By now, you may have heard that one of the world’s largest toy chains, KB Toys, has filed for Chapter 11 bankruptcy. The latest in a domino effect, KB Toys is just one of many business causalities affected by the economic downturn this year.

Yesterday, even McFarlane Toys (Spawn, Sportpicks, Halo, Guitar hero) announced layoffs, and coupled with toy factories closing shop overseas in China, the forecast going into 2009 appears grim.

Or does it? Not according to Junk collector Stuart Ellis, 57, of Siler City, N.C..

Ellis plans to sell a collectible flying saucer he owns in order to pay off his credit-card and mortgage debt and then stake himself as a stock-options trader. His goal, to become the Christmas-light king of the world.

Ellis who lives on 17 acres with thousands of trees has wrapped 650,000 lights on a couple of hundred trees. “But he doesn’t have enough money to power them up. So he’s selling his saucer.”

Turning to a Calabasas, CA., auction company called Profiles in History, Ellis hopes to auction his spaceship for $80,000 to $120,000. “The auctioneer (profilesin also hopes to sell Luke Skywalker’s light saber from ‘The Empire Strikes Back,’ among other Hollywood treasures.”

According to Joseph Maddalena, chief executive of Profiles in History, “the significance of this long-lost spaceship cannot be overstated… ‘Forbidden Planet’ and other 1950s science-fiction films literally were the launchpad to get us into the space race. People were fascinated with outer space. All this led to us going to the moon.”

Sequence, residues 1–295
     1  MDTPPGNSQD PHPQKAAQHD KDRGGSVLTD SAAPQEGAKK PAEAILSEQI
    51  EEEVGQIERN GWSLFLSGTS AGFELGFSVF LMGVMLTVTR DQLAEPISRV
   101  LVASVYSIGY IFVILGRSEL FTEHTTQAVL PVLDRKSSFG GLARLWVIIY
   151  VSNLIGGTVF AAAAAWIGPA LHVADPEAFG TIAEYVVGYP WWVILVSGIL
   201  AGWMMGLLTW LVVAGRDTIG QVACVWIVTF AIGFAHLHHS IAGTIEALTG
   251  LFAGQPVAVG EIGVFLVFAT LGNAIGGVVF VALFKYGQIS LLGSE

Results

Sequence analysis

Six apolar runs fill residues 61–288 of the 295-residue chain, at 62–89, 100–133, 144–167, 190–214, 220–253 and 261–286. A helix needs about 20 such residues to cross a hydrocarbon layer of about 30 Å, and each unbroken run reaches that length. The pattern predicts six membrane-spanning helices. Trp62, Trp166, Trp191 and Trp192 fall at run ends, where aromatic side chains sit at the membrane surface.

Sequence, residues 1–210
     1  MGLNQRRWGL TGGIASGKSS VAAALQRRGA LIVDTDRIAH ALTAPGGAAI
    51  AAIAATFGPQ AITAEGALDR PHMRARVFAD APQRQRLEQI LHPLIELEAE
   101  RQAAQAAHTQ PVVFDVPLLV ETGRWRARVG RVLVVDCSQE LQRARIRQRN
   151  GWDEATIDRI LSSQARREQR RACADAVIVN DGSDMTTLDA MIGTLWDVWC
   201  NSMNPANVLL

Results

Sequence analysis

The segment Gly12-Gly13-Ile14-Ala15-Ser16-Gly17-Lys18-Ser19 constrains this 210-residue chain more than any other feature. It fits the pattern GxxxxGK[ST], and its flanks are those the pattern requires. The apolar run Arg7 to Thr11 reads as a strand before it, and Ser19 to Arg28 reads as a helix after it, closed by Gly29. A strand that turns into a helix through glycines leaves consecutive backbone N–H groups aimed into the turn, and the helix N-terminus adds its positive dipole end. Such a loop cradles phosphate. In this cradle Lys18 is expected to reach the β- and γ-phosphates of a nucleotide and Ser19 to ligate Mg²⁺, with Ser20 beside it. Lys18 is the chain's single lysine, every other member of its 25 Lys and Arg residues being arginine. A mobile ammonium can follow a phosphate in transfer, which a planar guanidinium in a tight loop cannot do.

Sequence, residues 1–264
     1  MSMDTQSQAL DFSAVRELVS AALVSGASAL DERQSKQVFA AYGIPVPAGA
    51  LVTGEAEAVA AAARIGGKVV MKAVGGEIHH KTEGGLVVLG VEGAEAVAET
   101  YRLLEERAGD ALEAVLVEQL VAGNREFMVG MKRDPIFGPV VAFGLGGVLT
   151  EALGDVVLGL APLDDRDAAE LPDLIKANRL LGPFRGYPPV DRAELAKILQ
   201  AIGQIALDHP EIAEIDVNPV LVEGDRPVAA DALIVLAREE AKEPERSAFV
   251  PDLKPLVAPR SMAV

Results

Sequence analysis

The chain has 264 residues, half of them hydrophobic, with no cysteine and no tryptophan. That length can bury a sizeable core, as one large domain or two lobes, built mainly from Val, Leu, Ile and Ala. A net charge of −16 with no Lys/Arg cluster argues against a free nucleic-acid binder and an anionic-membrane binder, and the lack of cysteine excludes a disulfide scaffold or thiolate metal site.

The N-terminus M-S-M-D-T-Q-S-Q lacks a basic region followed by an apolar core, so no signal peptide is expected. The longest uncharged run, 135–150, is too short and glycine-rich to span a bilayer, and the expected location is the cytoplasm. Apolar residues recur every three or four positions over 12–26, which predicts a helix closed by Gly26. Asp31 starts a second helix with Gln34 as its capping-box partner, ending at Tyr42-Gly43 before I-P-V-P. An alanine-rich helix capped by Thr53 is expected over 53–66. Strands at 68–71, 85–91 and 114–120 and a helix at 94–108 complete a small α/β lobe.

Maddalena believes that there is no difference between collectibles and Andy Warhol’s soup can, “It’s pop culture. People are buying it because it’s indicative of a certain time period.”

Dealing with more than 30,000 collectors, Maddalena believes that even amidst a recession, the collectibles market will not be affected.

“When the economy gets tighter, better material tends to come up for sale,” he said. “Things start to shake loose. And then, because of the quality of the material being offered for sale, buyers are stepping up.” This occurs because “failing banks and plunging markets can sometimes push knowledgeable collectors closer to their pursuits.”

Because even “If the world goes to zero, they still have their stuff.”

Source: Denver Post